In his comments on a Cato Institute article, which argues that the theory of intersectionality is useful to classical liberalism, Lindsay frames intersectionality as an “infectious” influence of “libertarian CATO” on the classical liberal tradition, stemming from the way libertarians criticize state power. Lindsay is fine with a “principled distrust” of government, but he talks of ANY government as a “self-perpetuating oppressive system of power” that we need to abolish and “liberate” ourselves from by enlightening the masses to its nature (thus “raising their consciousness”), immediately sounding the alarm bells of critical theory and Gnosticism in his head.

Upon close historical inspection, the massive gap that Lindsay tries to create between the two movements simply doesn’t hold up. The great classical liberal radicals of old didn’t simply adopt a passive distrust of government and leave it at that. From the Levellers to Patrick Henry, Richard Cobden, Frédéric Bastiat, Herbert Spencer, et al., a burning hatred for the state as an organization of oppression and domination is a shared theme in the history of classical liberalism. These attitudes were not invented in Murray Rothbard’s living room seventy years ago.

The radicalism of classical liberalism is dampened in Lindsay through his contention that it’s necessarily a doctrine of class harmony and rejects all theories of class struggle and conflict. This does hold true when it comes to the Marxian paradigm where the “classes” in question are employers and employees. But, as the late historian Ralph Raico has shown, this very doctrine has roots in classical liberal theory. Liberal formulations of class struggle between the productive social forces and the parasitic state predate and influenced Marx’s writings, which is something he knew and readily admitted. Since a fundamental difference between classical liberalism and libertarianism cannot be established, it stands to reason that any incompatibility that critical theory has with classical liberalism, it also has with libertarianism.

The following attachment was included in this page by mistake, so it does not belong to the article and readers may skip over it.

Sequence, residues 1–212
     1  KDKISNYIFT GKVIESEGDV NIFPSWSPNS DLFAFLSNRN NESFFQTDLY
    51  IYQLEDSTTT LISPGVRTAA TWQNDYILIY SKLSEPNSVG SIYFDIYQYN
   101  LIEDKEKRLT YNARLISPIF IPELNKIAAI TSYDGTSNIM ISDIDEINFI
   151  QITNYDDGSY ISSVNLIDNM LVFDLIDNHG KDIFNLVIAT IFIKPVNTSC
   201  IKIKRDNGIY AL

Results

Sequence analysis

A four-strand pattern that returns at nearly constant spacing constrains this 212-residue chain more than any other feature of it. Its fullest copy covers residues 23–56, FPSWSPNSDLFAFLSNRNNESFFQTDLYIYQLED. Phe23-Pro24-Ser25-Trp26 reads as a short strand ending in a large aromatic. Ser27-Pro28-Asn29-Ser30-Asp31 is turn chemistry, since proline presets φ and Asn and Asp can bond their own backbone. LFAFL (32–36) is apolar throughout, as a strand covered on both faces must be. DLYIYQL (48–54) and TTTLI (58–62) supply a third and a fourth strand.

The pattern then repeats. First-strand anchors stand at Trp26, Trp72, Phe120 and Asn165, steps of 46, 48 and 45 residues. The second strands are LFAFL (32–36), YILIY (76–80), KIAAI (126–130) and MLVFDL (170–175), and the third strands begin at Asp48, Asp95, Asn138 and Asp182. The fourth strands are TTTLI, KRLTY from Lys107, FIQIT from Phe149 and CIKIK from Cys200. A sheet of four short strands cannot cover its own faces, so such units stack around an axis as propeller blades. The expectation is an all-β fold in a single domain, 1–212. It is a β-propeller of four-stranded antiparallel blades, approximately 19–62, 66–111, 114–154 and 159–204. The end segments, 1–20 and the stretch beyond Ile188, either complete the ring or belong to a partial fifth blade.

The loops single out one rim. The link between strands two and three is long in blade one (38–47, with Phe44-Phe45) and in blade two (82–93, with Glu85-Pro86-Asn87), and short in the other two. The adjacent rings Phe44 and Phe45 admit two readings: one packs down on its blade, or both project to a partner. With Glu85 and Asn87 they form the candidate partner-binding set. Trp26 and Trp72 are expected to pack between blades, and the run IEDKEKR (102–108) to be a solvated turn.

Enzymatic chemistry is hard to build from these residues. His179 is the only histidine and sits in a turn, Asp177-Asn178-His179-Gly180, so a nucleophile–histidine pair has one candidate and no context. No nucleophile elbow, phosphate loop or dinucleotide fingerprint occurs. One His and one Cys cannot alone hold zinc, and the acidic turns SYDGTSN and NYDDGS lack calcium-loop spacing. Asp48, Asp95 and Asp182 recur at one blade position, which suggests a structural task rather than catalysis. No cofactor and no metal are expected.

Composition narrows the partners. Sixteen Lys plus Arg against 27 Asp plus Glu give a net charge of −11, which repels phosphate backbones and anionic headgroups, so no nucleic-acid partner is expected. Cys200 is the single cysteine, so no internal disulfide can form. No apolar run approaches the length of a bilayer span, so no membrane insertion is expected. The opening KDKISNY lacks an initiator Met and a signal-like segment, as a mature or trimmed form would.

Unfortunately, even self-identified libertarians themselves aren’t above making the same type of mistakes that someone like Linsday is prone to making. Former Libertarian Party runner-up Austin Petersen, in his debate with comedian and libertarian commentator Dave Smith, argued that the libertarian advocacy of “presentism” (judging the actions of distant historical actors by modern moral standards) and their “oppressor-oppressed foreign policy views” smack of critical theory. Smith correctly pointed out that one should keep in mind the moral standards of the times when analyzing historical actors, while also consistently applying libertarian ethics to form proper judgments on them (ethics which manifestly differ from those advocated by modern proponents of “social justice”). As for the “oppressor-oppressed” dichotomy with regard to foreign policy, Smith points out that the acceptance of the basic fact that there are inflictors and sufferers of oppression doesn’t necessitate the acceptance of the bizarre theories of power dynamics and intersectionality touted by modern progressives.

As Bastiat said, “The worst thing that can happen to a good cause is not to be skillfully attacked, but to be ineptly defended.” The attempts at besmirching the cause of liberty by saddling it with unnecessary baggage aren’t anything new, and it’s our imperative to identify and dispel any distortions of our great philosophy.